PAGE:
London and Cardiff authorities take £58.2m fines from moving traffic offences

London and Cardiff see 25 per cent rise in money from fines for stopping in a yellow box junction, making an illegal turn or driving down a no entry

Authorities in London and Cardiff fined drivers £58.2 million in 2018/19 for committing moving traffic offences, including stopping in a yellow box junction, making an illegal turn or driving down a no entry.

The data – which came from a Freedom of Information request issued by the RAC to Transport for London (TfL), all London boroughs and Cardiff council – showed a 25 per cent rise in revenue from penalty charge notices (PCNs) issued for moving traffic offences between 2016/17 and 2018/19.

  • 80% of drivers find it hard to avoid stopping in box junctions

The total number of PCNs issued rose 34 per cent – this indicates some may have been successfully appealed, as the revenue increase is lower. Bus lane contraventions are also not included in the figures, as currently only councils outside London and Cardiff have the right to issue them.

Yellow box junctions bring in the most money, accounting for £31.4 million from PCNs in 2018/19. By comparison, illegal turns resulted in £22.3 million coming in, while £4.4 million came in from vehicles driving through no entry signs.

London boroughs alone issued 933,263 PCNs in 2018/19 – up 27 per cent on 2016/17. Cardiff issued 74,142 – nearly four times as many as the 19,080 in 2016/17.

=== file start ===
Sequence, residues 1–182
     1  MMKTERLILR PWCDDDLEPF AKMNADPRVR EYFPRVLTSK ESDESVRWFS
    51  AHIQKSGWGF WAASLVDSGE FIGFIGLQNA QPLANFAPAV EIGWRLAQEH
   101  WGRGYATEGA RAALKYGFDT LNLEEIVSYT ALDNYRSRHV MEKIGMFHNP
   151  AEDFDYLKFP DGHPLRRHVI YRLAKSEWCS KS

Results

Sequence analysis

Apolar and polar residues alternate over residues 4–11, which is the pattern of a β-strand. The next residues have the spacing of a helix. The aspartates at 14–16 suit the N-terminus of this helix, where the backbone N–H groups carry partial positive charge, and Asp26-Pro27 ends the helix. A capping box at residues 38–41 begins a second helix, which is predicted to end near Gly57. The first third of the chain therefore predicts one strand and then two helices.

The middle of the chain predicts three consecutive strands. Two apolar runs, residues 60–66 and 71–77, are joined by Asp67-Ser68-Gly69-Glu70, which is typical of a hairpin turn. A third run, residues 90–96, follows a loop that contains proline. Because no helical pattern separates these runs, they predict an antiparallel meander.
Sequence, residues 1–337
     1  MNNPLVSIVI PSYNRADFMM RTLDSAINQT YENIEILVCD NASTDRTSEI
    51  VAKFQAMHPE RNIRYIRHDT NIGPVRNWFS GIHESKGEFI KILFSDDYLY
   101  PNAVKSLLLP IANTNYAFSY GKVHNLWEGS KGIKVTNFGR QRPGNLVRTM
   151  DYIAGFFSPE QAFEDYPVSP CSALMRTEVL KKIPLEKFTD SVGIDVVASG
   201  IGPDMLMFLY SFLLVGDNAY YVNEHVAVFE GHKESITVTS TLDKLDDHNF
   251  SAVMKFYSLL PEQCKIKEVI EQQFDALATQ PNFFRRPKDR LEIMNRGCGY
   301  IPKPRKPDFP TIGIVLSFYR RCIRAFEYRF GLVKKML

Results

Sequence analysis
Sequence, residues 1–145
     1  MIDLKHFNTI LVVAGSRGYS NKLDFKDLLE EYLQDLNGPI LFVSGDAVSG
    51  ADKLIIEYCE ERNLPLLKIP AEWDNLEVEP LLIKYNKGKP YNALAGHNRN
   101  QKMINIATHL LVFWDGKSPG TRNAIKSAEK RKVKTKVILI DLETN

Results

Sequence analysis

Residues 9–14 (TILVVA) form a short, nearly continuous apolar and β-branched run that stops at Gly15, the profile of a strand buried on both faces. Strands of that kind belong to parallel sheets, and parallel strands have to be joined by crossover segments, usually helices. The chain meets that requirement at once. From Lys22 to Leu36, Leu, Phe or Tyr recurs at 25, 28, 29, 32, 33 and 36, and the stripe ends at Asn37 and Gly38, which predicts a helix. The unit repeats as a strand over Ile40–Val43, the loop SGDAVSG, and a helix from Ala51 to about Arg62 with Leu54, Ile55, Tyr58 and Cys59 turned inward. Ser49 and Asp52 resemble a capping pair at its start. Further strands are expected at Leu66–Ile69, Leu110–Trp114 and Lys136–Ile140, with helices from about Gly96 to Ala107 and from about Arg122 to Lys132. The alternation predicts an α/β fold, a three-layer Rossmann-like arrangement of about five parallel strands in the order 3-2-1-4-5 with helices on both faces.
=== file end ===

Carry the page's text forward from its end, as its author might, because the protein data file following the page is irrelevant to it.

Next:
In London, Westminster recorded the highest figure for a single yellow box junction, which generated £333,295 from 4,595 PCNs in 2018/19. TfL got £10 million from yellow box junction fines that year, as well as £2.6 million from illegal turns.

Nicholas Lyes, head of roads policy at the RAC, said: “The Department for Transport has decided to extend enforcement powers to other local authorities. However, we believe guidance should be issued setting out where enforcement should be targeted and the types of signs that must be used to make drivers aware that enforcement cameras are operating, and for what type of moving traffic offence.

“It should also make clear the circumstances in which a PCN can be appealed and where mitigating circumstances may apply such as stopping in a yellow box to allow an emergency services vehicle to go by.

“We welcome proposals that first offenders are sent a warning letter before subsequent penalties apply. This is particularly important where changes are made to urban road layouts. What we do not want is this being seen by cash-strapped local authorities as a way to generate revenue.

“In addition, we would urge local authorities to publish annual reports of moving traffic offence receipts by type and by junction. We would also encourage them to monitor hot spots where an unusually high proportion of PCNs are issued as this is more than likely a clear indication of a problem with signage or road layout.”

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